Light bursts into the dark room through a horizontal slit and an intersecting vertical line.
In the simple pews behind the mesmerizing cross-shaped glow, scores of visitors snap pictures on their phones of the concrete installation.
They are inside a life-sized replica of the Church of the Light, the famous Osaka chapel by Japanese architect Tadao Ando, which perfectly demonstrates his signature manipulation of the relationship between concrete, space and light.
Inside, its solemnity is breathtaking. Carving a cruciform into a reinforced concrete wall evokes such a pure feeling of spirituality it seems ludicrous it hadn’t been done before 1989.
But that’s the beauty of an Ando design. “(My work) seems like something which anyone can make,” he tells CNN. “But (nobody) else can make it. It is my architecture.”
The National Art Center, Tokyo has erected the structure on its terrace for its huge retrospective of Ando life’s work that runs until December 18.
In English, the show is called “Endeavors,” but in Japanese, the name translates more accurately as “Challenge” – a title that speaks not only to Ando’s personal struggles but also to the inherent problem of exhibiting the work of an architect.
The installation is a powerful reply to that problem, but Ando says the real point of the exhibition is to inspire people to “go and see the real ones.”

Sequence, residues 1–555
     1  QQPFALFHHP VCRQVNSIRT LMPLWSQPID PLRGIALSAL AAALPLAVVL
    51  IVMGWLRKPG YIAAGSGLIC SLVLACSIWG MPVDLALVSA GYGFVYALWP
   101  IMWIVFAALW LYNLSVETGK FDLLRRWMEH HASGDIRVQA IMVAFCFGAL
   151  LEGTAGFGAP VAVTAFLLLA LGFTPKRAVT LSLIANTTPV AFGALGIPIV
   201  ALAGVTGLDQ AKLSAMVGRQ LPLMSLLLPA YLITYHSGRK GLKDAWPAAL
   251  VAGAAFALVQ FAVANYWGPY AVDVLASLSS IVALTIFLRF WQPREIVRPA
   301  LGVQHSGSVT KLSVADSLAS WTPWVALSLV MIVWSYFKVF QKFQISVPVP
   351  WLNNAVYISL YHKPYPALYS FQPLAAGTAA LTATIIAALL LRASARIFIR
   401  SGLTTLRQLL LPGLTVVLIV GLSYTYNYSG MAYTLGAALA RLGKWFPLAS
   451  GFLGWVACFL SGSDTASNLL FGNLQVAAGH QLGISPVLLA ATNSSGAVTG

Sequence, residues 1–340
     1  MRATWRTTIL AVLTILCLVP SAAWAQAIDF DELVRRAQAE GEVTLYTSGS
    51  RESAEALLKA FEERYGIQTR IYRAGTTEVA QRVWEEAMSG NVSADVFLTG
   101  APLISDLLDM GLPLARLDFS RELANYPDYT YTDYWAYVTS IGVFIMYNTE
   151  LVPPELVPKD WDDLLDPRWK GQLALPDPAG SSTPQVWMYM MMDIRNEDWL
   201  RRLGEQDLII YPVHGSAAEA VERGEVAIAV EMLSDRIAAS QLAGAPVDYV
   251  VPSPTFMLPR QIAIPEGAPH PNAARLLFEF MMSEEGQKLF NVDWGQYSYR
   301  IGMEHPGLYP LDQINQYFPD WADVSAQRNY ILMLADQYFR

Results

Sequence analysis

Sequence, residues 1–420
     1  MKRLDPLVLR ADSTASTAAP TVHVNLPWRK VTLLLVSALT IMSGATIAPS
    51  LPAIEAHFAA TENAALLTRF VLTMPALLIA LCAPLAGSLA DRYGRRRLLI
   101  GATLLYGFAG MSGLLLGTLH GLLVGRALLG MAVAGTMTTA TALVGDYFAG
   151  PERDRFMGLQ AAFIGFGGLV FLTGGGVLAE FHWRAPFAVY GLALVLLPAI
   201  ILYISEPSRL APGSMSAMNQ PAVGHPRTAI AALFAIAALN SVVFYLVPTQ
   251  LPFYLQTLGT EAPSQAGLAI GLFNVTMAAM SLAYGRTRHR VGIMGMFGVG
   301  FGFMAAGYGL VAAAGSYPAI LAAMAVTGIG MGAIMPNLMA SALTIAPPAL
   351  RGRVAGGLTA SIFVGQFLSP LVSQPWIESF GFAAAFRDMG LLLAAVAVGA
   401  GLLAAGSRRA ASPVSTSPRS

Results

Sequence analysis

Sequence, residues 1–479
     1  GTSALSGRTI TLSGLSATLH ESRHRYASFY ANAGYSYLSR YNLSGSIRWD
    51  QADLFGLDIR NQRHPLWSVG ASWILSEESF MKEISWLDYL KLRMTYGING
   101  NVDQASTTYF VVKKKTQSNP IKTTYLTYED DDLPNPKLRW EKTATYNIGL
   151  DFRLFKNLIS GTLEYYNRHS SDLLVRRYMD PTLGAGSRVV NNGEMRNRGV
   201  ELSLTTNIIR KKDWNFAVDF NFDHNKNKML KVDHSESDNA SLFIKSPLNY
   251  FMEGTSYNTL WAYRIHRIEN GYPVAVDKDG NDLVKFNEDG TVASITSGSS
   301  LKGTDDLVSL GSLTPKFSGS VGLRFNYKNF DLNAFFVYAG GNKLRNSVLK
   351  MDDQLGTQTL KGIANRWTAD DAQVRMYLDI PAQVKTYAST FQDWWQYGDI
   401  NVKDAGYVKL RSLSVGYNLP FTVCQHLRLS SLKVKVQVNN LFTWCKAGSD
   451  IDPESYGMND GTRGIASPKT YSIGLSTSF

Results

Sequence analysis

Ando is a household name in Japan, and his celebrity is expected to attract 150,000 visitors to the exhibition, many from beyond the architecture world.
“Everybody can enjoy Ando’s work,” says Yayoi Motohashi, curator of “Endeavors.” “And his biography is really encouraging. He didn’t have enough money to get an education. He did everything himself.”
Ando’s unlikely rise from obscurity to design some of the world’s most iconic buildings for its richest people is something of an urban legend.
The self-taught Japanese architect was born in 1941 the eldest of twin boys, who were separated in their infancy. Ando went to live with his grandmother, who nurtured in him a talent for craftsmanship.
His younger years had no trace of great promise: he worked briefly as a professional boxer and a lorry driver, before aged 24 boarding a Siberian train to Europe “to see the world.”